Legal philosopher Ronald Dworkin once asked, “Is wealth a value?” Isn’t the answer obvious?
Hat tip (via Twitter): @pickover
As the map below shows, the E.U. is not a single transnational entity but rather is composed of six separate European alliances.
During the previous two weeks, we have surveyed two major areas of business law: contracts and torts. In summary, the law of contracts tells us when our promises are legally enforceable, while the law of torts tells us when we are legally liable for someone’s else injuries. In our next class, by contrast, we will survey a third major area of the common law — the law of property — and we will focus in particular on intellectual property or “the law of ideas.” Although Anglo-American law does not create property rights in ideas per se, intellectual property law does allow you to protect the expression of your ideas, if certain legal requirements are met. By way of example, Harvard sophomore Mark Zuckerberg may have created several valuable forms of intellectual property when he registered the domain name for “www.thefacebook.com” in January of 2004 and began building the prototype of his Facebook website (pictured below), which he launched from his dorm room on February 4, 2004. But what type of intellectual property did Zuckerberg create? In addition, we will also debate in class whether Zuck “stole” any intellectual property from the Winklevoss twins, who gave Zuckerberg access to the computer code for a similar website they were developing at the time, or from Aaron Greenspan, who claims that he founded Facebook a few months before Zuckerberg did.
Credit: Mark Zuckerberg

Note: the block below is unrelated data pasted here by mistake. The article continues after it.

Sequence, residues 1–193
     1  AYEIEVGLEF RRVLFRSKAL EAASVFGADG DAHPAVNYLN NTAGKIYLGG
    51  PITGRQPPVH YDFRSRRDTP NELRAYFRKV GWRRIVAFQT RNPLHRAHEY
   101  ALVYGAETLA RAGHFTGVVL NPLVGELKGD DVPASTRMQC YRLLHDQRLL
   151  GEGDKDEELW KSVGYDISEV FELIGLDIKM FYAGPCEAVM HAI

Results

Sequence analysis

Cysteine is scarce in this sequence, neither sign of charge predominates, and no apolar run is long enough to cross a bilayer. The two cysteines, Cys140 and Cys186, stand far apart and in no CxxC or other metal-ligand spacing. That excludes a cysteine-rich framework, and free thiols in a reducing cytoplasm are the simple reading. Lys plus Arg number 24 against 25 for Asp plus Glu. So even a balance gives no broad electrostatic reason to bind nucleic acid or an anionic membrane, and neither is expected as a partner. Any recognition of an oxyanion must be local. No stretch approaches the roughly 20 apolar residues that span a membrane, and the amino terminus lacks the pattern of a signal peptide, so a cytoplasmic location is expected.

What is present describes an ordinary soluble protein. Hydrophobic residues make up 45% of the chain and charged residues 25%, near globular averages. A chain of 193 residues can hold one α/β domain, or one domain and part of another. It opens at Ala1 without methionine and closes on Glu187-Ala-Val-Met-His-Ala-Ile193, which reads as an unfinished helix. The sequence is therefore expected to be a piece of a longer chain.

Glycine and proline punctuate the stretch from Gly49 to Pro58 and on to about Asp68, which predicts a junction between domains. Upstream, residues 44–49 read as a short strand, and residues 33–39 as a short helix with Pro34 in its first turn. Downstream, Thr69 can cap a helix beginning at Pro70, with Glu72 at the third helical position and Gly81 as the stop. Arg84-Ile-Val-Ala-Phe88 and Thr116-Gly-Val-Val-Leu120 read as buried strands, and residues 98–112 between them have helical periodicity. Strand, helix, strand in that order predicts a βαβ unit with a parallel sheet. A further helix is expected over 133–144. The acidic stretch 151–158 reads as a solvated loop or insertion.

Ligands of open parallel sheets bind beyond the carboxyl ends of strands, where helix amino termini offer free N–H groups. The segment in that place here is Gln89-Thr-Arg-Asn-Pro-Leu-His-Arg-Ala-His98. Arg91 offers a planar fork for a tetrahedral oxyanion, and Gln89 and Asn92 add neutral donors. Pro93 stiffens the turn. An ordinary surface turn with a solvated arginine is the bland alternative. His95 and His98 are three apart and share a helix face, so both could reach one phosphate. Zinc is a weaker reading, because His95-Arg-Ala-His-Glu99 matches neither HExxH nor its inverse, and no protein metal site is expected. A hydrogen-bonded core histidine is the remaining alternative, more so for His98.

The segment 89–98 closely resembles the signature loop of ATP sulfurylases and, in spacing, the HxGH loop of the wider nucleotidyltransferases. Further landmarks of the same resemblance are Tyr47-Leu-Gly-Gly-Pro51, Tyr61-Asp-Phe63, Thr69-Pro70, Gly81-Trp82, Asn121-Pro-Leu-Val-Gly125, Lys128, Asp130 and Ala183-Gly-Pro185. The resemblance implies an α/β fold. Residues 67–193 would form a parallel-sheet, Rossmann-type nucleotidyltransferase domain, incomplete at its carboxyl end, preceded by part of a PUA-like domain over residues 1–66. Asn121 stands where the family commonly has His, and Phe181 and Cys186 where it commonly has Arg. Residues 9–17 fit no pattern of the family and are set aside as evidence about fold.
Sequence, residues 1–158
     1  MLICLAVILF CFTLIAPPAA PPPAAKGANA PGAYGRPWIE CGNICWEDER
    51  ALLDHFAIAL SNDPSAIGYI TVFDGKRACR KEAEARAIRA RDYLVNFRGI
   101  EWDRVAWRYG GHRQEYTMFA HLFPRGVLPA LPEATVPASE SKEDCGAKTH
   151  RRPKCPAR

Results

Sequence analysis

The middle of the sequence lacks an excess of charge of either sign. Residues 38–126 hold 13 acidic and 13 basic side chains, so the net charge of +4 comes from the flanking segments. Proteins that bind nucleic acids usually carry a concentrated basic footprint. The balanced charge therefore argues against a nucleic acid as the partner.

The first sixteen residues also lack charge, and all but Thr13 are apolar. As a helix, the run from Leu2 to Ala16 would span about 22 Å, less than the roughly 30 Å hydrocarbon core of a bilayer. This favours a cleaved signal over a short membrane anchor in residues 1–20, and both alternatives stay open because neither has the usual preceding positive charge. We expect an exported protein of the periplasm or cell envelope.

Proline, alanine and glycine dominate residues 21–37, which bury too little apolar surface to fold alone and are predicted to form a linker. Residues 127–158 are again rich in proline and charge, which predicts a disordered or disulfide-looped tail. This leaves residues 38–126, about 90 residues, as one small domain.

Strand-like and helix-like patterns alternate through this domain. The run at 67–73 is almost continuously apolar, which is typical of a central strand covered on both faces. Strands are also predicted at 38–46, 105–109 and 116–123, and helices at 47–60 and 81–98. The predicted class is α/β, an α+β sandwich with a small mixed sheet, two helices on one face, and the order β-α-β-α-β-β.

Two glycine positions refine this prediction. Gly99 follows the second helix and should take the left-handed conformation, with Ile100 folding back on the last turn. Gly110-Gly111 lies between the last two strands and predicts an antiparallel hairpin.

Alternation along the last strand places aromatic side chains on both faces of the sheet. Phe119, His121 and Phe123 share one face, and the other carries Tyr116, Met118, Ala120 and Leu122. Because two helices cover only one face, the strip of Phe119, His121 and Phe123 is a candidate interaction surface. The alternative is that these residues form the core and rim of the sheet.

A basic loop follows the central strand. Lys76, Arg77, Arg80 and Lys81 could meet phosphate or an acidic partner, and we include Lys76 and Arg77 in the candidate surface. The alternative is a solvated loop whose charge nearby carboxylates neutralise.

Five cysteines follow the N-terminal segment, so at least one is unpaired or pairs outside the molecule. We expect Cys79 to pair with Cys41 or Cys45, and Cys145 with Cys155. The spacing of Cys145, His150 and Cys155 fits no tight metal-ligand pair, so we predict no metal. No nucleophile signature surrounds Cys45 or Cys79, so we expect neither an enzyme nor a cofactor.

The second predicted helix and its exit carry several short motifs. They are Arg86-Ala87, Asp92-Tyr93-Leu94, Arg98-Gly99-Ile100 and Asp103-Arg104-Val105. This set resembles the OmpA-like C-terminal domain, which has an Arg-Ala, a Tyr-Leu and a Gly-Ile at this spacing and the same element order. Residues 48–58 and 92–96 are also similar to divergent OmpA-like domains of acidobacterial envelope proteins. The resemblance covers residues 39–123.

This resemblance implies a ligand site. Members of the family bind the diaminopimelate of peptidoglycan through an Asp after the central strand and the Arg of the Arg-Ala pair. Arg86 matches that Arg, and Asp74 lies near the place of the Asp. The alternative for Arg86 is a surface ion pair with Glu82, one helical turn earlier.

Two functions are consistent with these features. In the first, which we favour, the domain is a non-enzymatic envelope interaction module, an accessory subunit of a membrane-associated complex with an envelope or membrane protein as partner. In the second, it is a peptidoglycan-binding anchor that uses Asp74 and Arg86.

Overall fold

We have been using Google’s gmail service since 2006, so we have always hated the hideous Microsoft Outlook (see here, for example) by comparison. Last week, my home institution switched over to “Microsoft Surface,” an even more complicated and cumbersome operating system than the previous versions of Microsoft. By way of example, it used to take me one simple step to access my university email account. Now, it takes four separate steps (see below) to log in. Seriously?
If you have been following this blog, then you know that we have been using the movie “The Social Network” (and the book “Accidental Billionaires” on which the film is based) to teach our business law course. What you may not be aware of, however, is our “Social Network” music playlist: the songs we play at the beginning of each lecture (while we are setting up our slides and surveys) to set the tone for that class. So, as we approach the halfway point of this spring semester, here is our playlist thus far:
Class #1: Atticus Ross & Trent Reznor, “Hand covers bruise” (social network theme song)
Class #2: 50 Cent, “In da club” (instrumental) (#1 song of 2003, i.e. the year the opening of the movie is set)
Class #3: Beyoncé featuring Sean Paul, “Baby boy” (#1 song of November 2003, i.e. during the Facemash fiasco)
Class #4: Drake, “Back to back” (instrumental) (because in this class we consider the legal consequences of Mark’s back-to-back promises, first with the Winklevoss twins, then with Eduardo)
Class #5: Drake, “Fake love” (instrumental) (because we discuss the law of fraud in this class)
Class #6: Usher, “Yeah!” (instrumental) (#1 song of February 2004, the month Zuckerberg launched “thefacebook”)
Happy Valentine’s Day, Sydjia!